Banners: Viacom18 Motion Pictures, Matchbox Pictures
Director: Sriram Raghavan
Cast: Tabu, Ayushmann Khurrana, Radhika Apte, Manav Vij, Anil Dhawan, Ashwini Kalsekar, Zakir Hussain, Chhaya Kadam
Writers: Sriram Raghavan, Hemanth Rao (Story), Sriram Raghavan, Hemanth Rao, Arijit Biswas, Pooja Ladha Surti, Yogesh Chandekar (Screenplay and Dialogues)
Music: Amit Trivedi
The father of our nation, Mahatma Gandhi, once said that ‘an eye for an eye will make the whole world blind’. This adage sardonically makes a lot of sense in Sriram Raghavan’s latest directorial, AndhaDhun and ironically has enlightened our vision, not only for the film but the cinematic world in which we see Hindi films. The film, which was proposed to be a murder thriller, does complete justice to its central theme as well as surprisingly making us all laugh with its dark humour.
The story begins with a blind piano player named Akash trying to figure out his signature tune for a prestigious competition. While in the process, he accidentally meets a girl who gives him a job at a restaurant to play the piano. The jovial singing and dancing subside when Akash, hired by a yesteryear actor to surprise his wife Simi, inadvertently becomes a witness to a murder. This linear story then gets a huge twist which gives way for a few more of those in the course of the film. How Akash tries to figure out his way and deal with this mess which turns his life upside down and how Simi plays a huge part in it, is what forms the crux of the film.
Right from his first film, Ek Hasina Thi, director Sriram Raghavan has tried to give us stories which seem straight-forward but the characters, often with shades of grey in their nature, do a turnabout and raise it to the next level.
AndhaDhun is just another example of his brilliance where he has made a thriller that will surprise and shock the audience when they see it. The first half of the film is phenomenal as after a dragging start, the film picks up with such a fast pace, that your jaws drop every other minute with either a shocking revelation or a situationally funny scene. The second half lags just a bit behind as the ending is stretched from one climax to the other.
One would think that the first major revelation had been done too soon in the story, but what follows is a series of sequences that make you appreciate the hindsight of the filmmaker.
The writing of the movie, credited to Sriram Raghavan, Hemanth Rao, Arijit Biswas, Pooja Ladha Surti and Yogesh Chandekar, is extremely powerful. The way the plots make a complete 180 degree turn are justified proofs that there is much effort gone into making this film a work of mysterious, hilarious and unusual art. Not only is the story with its unpredictable situations different than what we have seen before but it is peppered with some class apart dialogues too.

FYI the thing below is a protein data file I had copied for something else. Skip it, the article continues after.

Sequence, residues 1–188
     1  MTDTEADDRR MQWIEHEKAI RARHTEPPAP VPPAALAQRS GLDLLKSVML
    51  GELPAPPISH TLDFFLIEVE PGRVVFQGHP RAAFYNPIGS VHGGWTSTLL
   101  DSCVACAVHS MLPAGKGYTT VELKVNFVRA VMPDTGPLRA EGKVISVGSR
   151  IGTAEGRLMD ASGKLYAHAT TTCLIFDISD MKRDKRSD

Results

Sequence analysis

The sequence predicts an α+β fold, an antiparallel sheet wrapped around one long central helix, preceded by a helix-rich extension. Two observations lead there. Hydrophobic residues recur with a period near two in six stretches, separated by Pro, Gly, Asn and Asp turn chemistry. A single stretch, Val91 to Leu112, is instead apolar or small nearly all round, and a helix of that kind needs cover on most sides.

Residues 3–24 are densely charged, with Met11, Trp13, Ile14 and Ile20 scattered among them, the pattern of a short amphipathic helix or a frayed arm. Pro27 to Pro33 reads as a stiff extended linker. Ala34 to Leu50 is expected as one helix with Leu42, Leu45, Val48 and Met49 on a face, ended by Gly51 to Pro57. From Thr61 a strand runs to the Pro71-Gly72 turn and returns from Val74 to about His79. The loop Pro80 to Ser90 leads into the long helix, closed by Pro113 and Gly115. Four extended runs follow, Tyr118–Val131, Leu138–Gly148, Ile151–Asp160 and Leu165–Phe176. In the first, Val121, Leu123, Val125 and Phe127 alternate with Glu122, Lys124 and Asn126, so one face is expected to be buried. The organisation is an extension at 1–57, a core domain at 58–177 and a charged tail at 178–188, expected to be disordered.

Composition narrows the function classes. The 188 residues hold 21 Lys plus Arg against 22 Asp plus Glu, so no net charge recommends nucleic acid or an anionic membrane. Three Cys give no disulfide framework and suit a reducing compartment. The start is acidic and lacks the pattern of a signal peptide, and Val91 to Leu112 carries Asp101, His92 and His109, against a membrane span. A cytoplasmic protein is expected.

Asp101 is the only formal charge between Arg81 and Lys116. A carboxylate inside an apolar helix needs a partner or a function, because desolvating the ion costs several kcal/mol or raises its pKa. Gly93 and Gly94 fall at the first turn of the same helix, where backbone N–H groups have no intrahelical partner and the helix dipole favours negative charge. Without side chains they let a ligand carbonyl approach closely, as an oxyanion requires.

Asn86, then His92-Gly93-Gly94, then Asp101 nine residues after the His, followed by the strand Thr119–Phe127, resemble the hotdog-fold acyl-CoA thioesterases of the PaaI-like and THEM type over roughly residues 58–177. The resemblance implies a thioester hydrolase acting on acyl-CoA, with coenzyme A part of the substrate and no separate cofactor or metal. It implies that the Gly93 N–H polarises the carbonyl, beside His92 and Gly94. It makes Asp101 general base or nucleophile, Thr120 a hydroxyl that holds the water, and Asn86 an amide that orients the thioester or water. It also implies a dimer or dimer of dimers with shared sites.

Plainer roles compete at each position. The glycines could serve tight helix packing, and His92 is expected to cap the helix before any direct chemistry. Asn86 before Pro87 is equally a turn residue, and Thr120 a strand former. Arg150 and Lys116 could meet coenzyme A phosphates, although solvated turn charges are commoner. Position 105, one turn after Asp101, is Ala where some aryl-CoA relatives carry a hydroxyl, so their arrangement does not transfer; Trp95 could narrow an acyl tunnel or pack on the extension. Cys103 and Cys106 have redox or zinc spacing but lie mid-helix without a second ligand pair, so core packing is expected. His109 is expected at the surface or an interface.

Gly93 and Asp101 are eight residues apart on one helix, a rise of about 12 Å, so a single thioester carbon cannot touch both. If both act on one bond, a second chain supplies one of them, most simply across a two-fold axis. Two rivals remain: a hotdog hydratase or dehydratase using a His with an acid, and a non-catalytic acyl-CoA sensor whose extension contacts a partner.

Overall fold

Shot against the simple background of Pune city, the movie takes huge twists and turns but all the while, keeps the audience in the loop without missing a beat. There are times when only the audience is in the know of what exactly is going on and it is amazing to see how Raghavan brings it all together, packages it in a box and ties it with a bow.
A major plus of the film is the symphony that runs in the background, ranging from mellow and beautiful to suspenseful and dramatic in a second, holding the film together. Daniel B George does excellent work on the score. The songs in the film are few and fabulous. Amit Trivedi has once more waved his magic wand for songs like Naina da kya kasoor, the AndhaDhun title track and Aap se milkar. The other songs are also pleasant and rightly placed.
KU Mohanan’s elegant filmography and Pooja Ladha Surti’s expertise in editing the film makes it a package that you cannot avert your eyes from.
With his previous filmography as a base, we can say that Raghavan always puts the simple and innocent bystander into the middle of a chaos which they unravel piece by piece along with the audience. Here too we see the pattern follow but the uniqueness each earlier story had and how that quality is approached in AndhaDhun, is worth a watch.
Performance-wise, Tabu with her canny character takes the cake hands down. The actress is par excellence in every emotion she brings out on screen. Ayushmann Khurrana has done a fantastic job as he convincingly plays the blind guy, hitting all the right notes with his authenticity. Radhika Apte as Ayushmann’s love interest is decent but her role lacks the meat which others have. Manav Vij does a brilliant job with just his expressions in some scenes. Anil Dhawan is good and so are Ashwini Kalsekar and Zakir Hussain. Marathi actress Chhaya Kadam delivers a strong performance. All the other actors, even in small roles, are strong.
Verdict: Go for it, don’t miss this thriller!